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Russian circus

by Jim Gladstone

Nathaniel Andalis as Solyony in "Kill the Debbie Downers... ." Photo: Kyle Adler
Nathaniel Andalis as Solyony in "Kill the Debbie Downers... ." Photo: Kyle Adler  

"Kill The Debbie Downers! Kill Them! Kill Them! Kill Them Off!" is the attention-grabbing but overlong title of the attention-worthy but overstretched performance now being staged by Berkeley's Shotgun Players. Billed as a devised theater piece, "KTDD" was created collaboratively by its directors (Mark Jackson and Beth Wilmurt), cast and creative team members, not from a formal script, but from characters and themes elicited from Chekhov's "Three Sisters."

While familiarity with the Chekhov is not a necessity, if you want to engage with this show on an intellectual level, it's almost a prerequisite to read the collateral material Jackson and Wilmurt have provided in the program and on Shotgun's website. You'll learn that they aim to embroider upon notions of stasis and desire, of "memories fading, revolutions looming, and visions of the future beckoning," of gobble and degook.

To be frank, I recommend intellectual disengagement. On stage, "KTDD"'s relationship to narrative and philosophy is similar to that of a Cirque du Soleil production. The piece yields plenty of pleasure if taken on a sensory level rather than a sensible one. Mikiko Uesugi's translucent-paneled set, Ray Oppenheimer's shifting veils of color-saturated light, Alice Ruiz' and Devon Labelle's stylized period costumes and props, and Sara Witsch's collage-like sound design are inviting from the moment you enter the theater, and enveloping once the action gets underway. That's action, not plot. Roll with it.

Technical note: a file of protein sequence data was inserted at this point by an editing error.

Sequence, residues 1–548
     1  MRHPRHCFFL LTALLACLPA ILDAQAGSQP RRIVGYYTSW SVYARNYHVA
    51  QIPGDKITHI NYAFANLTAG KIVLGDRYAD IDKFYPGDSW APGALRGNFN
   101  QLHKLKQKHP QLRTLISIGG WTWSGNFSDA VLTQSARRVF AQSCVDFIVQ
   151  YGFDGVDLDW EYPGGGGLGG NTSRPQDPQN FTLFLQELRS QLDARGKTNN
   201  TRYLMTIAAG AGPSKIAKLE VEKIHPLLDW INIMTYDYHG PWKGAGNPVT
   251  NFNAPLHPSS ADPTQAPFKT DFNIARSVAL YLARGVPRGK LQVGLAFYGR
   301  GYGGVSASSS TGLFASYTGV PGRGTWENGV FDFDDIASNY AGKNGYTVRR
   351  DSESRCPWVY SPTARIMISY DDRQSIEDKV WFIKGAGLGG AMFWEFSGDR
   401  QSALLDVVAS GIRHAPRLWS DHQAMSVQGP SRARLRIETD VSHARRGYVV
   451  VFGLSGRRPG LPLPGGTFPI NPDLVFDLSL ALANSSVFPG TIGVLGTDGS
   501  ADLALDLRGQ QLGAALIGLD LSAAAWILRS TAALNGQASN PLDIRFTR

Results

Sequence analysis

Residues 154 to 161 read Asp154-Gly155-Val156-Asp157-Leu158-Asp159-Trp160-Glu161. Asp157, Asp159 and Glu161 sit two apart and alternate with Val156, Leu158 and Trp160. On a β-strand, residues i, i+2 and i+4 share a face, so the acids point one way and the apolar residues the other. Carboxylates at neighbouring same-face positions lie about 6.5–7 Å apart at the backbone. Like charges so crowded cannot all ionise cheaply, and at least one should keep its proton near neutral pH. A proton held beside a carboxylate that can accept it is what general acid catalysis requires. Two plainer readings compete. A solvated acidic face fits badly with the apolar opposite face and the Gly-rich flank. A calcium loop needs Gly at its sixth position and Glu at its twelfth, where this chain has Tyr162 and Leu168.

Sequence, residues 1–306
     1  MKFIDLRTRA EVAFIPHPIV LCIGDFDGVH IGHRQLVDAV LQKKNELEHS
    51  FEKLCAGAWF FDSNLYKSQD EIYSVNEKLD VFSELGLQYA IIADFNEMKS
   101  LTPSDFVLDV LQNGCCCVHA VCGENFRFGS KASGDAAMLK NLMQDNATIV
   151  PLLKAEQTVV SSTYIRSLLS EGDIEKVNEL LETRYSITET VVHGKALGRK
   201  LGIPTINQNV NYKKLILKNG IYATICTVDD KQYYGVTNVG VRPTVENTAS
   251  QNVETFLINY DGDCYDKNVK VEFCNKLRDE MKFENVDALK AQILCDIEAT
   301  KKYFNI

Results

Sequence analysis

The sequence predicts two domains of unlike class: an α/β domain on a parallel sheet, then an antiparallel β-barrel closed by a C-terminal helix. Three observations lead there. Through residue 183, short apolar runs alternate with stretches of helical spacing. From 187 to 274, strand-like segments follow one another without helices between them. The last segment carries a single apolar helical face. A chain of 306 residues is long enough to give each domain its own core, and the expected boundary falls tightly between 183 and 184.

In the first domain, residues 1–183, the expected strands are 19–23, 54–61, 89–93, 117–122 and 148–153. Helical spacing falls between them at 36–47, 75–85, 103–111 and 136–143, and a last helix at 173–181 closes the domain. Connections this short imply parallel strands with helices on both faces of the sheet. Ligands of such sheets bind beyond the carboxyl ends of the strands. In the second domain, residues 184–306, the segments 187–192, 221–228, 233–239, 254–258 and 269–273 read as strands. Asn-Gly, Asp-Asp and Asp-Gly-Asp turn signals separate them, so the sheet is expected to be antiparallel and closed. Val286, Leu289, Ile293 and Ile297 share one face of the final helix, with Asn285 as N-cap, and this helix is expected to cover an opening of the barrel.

The physically and musically gifted cast of six seems at least as dedicated to entertaining us as to providing a comprehensible exegesis of "Three Sisters." There's a terrific variety show to take in here, with funny hand-jive routines, group songs with jolly accordion and trombone solos, Fossesque chairback choreography, even a little "Jaws" shtick. The sisters, our hostesses for this miscellany of a party, offer a triple tickle. As Olga, Sam Jackson, in a topiary marvel of a hairdo, offers a mini-master class in facial and vocal expressiveness; Erin Mei-Ling Stuart is a fetchingly melodramatic Masha, striking exaggerated poses of romantic resignation and martyr-like sublimation; and Gabby Batista makes an impish Irina, eliciting grins with her sweet singing voice, out-of-the-blue hip-hop moves and "Drag Race"-worthy deathdrop (complete with winking, wincing faux pain). And in a Bay Area theater scene that lately seems addicted to meta-cleverness, Nathaniel Andalis, playing Solyony, delivers a genuinely funny and unexpected fourth-wall knockdown that, in an ideal world, would be the last word on this theme for a while.

At two intermissionless hours, "KTDD" goes on a good 25% longer than it needs to, especially since its final stretch includes video footage of the Brett Kavanagh hearings and Las Vegas mass shooting. It's a sudden, unanticipated shift from delightful to dire, and reinforces some of the very preconceptions about experimental theater that the rest of this show has successfully broken down.

"Kill the Debbie Downers," through April 21 at Shotgun Players, 1901 Ashby Ave., Berkeley. Tickets: $32-$37. www.shotgunplayers.org

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